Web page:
During the spring semester of 2019 I was enrolled in a class called Exhibitions & Curatorial Visions taught by artist Alexis Granwell. Our assignment was to come up with an art show concept, put out a call for art, curate and install in PAFA’s Anne Bryan Gallery.
We chose the broad theme of color, choosing to privilege this element over all others and titled it Capacity of Color. Every student in the class took on a specific job that goes into throwing a successful art show. I did most of the advertisement collateral: art show flyer, instagram images, press release design and so on.
Capacity of Color was an overall cohesive and successful exhibition. The space, a basement gallery with low ceilings and no natural light, was used effectively. The low placement of many of the displayed sculptures, cleverly created an intimacy between the viewer and art. Other installations, like Suji Kanneganti and Jessica Aquino’s fabric pieces, flowed from floor to ceiling to create an effective upward movement, leading the eye from the floor pieces to the two-dimensional works on the walls.
There was a large number of small pieces in the show, stand alone and in groupings. I believe, if installed in a standard way, they would have been overwhelmed, but instead, they were staggered which helped make a more interesting space and saved each piece from being swallowed by the white walls and basement shadows.
There were a few pieces in the show that I did not feel played well with the rest, and if I was able to change things, I would have left some works out and instead juried other submissions in. I believe that the less representational works were, the more they fit into the overall exhibition.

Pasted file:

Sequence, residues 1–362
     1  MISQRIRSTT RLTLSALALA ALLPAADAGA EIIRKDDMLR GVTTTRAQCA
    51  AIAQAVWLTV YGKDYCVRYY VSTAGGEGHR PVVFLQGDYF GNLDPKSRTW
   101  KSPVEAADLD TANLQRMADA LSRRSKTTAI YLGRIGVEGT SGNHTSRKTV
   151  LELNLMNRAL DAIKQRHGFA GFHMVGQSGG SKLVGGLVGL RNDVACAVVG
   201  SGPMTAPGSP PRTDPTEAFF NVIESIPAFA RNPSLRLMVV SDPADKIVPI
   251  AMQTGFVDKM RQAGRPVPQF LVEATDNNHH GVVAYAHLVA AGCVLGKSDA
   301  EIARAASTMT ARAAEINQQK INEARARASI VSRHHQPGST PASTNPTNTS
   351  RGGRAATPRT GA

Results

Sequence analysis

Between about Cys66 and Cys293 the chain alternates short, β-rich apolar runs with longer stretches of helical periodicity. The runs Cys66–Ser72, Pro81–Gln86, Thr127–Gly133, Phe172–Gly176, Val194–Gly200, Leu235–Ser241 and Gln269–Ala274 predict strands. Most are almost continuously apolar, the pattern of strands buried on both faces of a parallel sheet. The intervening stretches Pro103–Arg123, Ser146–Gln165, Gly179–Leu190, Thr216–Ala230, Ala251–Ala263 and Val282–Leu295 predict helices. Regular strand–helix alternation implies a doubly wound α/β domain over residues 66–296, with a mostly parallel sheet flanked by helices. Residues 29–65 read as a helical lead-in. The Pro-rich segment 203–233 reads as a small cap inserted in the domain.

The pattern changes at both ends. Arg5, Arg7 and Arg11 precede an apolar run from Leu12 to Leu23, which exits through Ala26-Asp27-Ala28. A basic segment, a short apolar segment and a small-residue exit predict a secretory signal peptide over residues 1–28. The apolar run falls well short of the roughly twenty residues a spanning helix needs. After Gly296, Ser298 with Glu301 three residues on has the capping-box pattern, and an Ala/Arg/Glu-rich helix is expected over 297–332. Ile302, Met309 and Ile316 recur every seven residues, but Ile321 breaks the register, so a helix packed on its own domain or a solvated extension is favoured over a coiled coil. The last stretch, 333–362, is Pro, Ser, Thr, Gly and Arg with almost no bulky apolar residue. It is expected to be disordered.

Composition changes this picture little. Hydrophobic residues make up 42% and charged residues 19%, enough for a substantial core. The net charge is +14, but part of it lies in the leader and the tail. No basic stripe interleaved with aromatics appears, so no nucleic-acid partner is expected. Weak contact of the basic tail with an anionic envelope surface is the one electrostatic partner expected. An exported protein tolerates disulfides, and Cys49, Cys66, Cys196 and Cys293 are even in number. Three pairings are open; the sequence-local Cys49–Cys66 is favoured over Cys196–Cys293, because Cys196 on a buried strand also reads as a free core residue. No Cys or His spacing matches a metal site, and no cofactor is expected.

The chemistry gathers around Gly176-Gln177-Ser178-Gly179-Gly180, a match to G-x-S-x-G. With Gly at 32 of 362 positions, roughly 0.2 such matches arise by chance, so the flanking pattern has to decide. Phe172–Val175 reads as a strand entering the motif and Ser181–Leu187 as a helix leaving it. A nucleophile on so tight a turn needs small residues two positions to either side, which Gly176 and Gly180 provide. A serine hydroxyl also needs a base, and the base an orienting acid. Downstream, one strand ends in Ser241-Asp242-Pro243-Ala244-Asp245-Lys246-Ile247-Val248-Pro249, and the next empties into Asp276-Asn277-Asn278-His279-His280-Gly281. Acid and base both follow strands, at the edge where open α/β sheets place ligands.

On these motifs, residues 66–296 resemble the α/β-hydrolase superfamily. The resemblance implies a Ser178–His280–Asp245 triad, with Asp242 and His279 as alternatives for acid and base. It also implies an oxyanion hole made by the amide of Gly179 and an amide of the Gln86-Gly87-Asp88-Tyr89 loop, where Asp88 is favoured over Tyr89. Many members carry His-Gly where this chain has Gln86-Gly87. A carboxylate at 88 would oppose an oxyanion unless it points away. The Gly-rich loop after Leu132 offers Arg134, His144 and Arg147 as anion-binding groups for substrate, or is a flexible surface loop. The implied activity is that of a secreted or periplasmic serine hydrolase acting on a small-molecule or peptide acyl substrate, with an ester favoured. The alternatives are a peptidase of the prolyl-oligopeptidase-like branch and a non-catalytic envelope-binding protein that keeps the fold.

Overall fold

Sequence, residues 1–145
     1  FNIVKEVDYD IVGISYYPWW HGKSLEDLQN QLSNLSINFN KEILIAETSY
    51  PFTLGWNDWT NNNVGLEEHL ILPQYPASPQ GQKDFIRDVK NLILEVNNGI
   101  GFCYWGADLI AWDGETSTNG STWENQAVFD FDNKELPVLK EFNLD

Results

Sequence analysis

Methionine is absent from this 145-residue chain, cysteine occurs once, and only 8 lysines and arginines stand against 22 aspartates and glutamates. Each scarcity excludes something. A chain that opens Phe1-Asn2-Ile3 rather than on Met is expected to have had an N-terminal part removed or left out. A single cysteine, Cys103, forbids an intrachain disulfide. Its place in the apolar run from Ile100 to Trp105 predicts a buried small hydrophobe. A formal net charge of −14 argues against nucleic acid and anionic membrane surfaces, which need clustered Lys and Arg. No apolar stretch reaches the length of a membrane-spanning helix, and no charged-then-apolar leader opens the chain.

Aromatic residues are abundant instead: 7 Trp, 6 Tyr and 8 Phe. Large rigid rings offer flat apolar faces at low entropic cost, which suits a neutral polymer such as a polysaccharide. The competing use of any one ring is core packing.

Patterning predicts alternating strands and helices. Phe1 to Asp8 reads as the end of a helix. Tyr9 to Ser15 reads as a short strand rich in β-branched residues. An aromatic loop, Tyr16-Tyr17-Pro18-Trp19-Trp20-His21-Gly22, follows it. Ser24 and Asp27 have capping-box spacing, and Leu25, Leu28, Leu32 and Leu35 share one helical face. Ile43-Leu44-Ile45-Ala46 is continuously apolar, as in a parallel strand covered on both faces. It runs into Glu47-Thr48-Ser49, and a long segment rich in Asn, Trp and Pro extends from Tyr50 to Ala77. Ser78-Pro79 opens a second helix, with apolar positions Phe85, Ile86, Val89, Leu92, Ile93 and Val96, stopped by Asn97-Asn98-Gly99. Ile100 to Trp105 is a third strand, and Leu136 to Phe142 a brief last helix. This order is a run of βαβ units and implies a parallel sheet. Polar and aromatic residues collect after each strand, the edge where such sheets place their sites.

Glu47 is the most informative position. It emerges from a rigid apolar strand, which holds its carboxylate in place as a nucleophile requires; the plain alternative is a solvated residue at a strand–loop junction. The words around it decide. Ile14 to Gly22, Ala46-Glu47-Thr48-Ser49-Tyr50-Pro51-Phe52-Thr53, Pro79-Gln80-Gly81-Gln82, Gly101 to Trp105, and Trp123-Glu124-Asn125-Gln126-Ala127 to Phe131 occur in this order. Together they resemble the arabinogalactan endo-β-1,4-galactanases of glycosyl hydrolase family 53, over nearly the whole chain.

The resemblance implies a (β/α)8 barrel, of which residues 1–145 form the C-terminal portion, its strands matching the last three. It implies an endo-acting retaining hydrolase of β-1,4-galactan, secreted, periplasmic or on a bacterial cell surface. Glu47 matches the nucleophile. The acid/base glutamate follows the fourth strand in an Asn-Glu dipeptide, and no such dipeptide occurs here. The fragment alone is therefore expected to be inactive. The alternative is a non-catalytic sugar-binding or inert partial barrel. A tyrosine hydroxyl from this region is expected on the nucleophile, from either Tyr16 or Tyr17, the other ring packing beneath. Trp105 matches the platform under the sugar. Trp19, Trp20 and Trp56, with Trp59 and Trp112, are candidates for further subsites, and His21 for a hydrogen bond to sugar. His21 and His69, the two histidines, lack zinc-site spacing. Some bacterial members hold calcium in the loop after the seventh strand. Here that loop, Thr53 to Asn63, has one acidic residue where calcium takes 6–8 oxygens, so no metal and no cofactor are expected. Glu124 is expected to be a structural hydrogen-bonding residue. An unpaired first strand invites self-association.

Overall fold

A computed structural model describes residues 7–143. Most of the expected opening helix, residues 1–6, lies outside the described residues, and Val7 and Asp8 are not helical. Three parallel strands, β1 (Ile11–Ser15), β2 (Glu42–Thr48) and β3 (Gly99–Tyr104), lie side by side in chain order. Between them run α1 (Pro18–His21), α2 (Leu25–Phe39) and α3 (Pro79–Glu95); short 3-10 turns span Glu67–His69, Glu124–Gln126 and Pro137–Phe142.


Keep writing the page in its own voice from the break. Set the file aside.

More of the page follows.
I learned a lot from the experience and will jump at chances to curate in the future.
The Capacity of Color is a student-curated exhibition of sculpture, site-specific installation, painting, drawing, printmaking, and works on paper from the Brodsky Center Archive. This exhibition deals with 2D and 3D work that communicates the language of color in terms of the optical, the symbolic, the aggressive, the delicate, and the tactile. This grouping of work pushes the boundaries of the capacity of color in an expansive and exciting way.
You can practically hear the dot matrix printer grinding away when looking at these pages!
While in elementary school(Garrettford Elementary was a Great Place to Grow!), I participated in some creative writing classes. Our county schools also participated in a program/contest called The Young Authors, where every year kids submitted stories they wrote, which were then judged by grade. I loved it and won several times.
This little book, which I never finished the drawings for all the pages, was from a summer creative writing class. I was likely in 3rd grade at the time. I was really excited when I found this in a box at my parents house. It’s been interesting to see that the themes in my paintings go back so far. Unicorns and skulls.
It’s clear I loved fantasy as a child. My favorite toys were My Little Pony dolls, She-Ra and my Rainbow Brite. This little book was probably a result of watching The Last Unicorn. I also was obsessed with Unico. It was life changing when that came on the Disney channel.
Hey all, a friend of mine from the neighborhood I grew up in, someone I used to get into young teen troublemaking with, Brian Uff, has just put out an album. I provided the cover art. Please check out his music at the below links.